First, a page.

Taiwan will not avoid cross-strait political issues, but the time is not right for political talks with China, President Ma Ying-jeou (馬英九) said yesterday amid concerns about possible moves by his administration toward political negotiations with Beijing.
In an interview with the Washington Post, Ma said the government did not intend to pass the political issues on generation to generation when asked to comment on Chinese President Xi Jinping’s (習近平) call for Taiwan to prepare for political negotiations.
He said for the two sides of the Taiwan Strait to engage in political talks and discuss the signing of a peace accord, his administration would seek a clear public consensus on the issue, while reiterating his principle in handling cross-strait issues, which is to address the easier and pressing issues first, before tackling difficult ones, such as politics.
“We are willing to discuss any issue as long as it is an urgent one,” he said.
He also dismissed a direct meeting with Xi during his term, insisting that such a meeting could only take place with the support of the Taiwanese public.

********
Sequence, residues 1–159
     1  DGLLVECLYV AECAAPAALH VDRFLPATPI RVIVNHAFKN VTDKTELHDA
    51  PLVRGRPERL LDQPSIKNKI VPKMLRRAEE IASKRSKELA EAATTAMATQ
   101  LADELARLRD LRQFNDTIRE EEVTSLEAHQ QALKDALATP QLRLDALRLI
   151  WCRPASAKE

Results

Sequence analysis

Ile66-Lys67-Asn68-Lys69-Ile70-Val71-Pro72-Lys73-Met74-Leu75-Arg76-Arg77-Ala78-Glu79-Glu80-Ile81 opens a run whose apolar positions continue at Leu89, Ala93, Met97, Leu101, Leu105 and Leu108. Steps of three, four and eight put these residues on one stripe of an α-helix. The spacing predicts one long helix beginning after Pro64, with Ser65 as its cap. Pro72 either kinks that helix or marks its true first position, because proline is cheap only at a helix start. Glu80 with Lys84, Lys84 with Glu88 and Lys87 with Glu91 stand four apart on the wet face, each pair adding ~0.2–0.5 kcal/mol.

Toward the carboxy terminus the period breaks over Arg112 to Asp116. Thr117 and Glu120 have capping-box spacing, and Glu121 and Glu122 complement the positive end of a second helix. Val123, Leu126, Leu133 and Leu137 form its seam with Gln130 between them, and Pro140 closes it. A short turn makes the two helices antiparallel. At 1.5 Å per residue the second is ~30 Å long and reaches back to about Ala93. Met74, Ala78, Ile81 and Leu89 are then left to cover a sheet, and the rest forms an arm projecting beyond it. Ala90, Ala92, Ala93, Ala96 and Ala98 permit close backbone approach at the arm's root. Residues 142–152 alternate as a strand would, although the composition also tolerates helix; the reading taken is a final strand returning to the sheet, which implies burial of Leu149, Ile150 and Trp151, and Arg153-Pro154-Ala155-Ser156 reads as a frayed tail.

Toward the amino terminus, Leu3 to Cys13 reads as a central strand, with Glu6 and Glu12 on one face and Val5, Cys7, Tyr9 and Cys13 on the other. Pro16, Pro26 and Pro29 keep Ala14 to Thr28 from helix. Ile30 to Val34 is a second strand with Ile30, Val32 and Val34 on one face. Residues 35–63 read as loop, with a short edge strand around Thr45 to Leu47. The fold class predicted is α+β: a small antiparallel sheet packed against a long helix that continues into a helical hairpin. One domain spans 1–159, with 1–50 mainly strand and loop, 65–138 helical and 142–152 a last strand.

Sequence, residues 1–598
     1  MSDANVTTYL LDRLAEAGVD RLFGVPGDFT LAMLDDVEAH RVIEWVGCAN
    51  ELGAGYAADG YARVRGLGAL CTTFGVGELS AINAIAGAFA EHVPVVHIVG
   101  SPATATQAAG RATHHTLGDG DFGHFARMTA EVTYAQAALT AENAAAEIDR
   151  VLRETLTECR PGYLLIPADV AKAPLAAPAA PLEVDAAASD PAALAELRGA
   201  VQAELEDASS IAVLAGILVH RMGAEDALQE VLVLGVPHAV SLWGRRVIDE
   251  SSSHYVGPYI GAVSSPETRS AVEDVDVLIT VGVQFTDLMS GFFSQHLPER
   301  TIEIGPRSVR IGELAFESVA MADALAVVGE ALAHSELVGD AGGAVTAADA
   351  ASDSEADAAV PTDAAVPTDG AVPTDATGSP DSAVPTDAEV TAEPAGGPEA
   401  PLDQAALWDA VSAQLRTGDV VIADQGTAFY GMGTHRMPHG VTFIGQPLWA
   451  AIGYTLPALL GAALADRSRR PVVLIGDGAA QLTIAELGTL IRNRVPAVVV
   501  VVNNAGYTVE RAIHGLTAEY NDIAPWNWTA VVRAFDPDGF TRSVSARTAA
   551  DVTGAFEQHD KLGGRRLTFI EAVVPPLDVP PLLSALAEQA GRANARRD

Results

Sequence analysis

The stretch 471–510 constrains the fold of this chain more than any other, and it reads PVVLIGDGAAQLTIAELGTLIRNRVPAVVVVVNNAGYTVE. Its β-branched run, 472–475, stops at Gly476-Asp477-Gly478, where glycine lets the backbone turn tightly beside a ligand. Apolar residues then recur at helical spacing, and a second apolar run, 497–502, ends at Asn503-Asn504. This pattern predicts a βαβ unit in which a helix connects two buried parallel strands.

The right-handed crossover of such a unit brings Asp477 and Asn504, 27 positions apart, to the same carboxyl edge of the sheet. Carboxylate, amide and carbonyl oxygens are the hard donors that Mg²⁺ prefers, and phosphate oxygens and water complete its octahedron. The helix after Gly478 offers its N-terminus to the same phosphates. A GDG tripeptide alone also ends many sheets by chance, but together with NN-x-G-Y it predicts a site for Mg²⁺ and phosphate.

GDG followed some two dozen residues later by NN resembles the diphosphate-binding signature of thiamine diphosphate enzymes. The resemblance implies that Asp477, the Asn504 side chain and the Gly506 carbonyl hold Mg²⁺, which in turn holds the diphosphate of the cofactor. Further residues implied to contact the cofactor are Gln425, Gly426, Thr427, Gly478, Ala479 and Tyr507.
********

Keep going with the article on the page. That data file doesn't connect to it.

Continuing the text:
While insisting on an “economics first, politics later” policy for dealing with China, Ma said the government would not avoid addressing political issues.
Citing the signing of cross-strait agreements and the proposed establishment of cross-strait representative offices, Ma said these issues carried some political significance, and the government is also promoting the service trade agreement to enhance cross-strait exchanges and enable Taiwanese to profit from them.
He dismissed concerns about the nation’s sovereignty under fast-paced cross-strait development, and attributed the nation’s economic pacts with Japan and other major trade partners to improved cross-strait relations.
“They say we are selling out Taiwan and that we lost something, but they never say what exactly we have lost,” he said.
Ma also defended Taiwan’s relations with the US during his term, and said it was vital that Washington continued to sell arms to Taiwan.
He shrugged off his record-low approval rating, and said he has no desire to change cross-strait and domestic policies, insisting that the nation has made progress in every area, he said.
“Not everyone understands this. But we have done what needed to be done, and we will keep doing so until the very end,” he said.
When asked about the political rift between him and Legislative Speaker Wang Jin-pyng (王金平), Ma — who doubles as Chinese Nationalist Party (KMT) chairman — said the KMT has remained united despite the incident, adding that the case regarding Wang’s alleged improper lobbying will be resolved in court.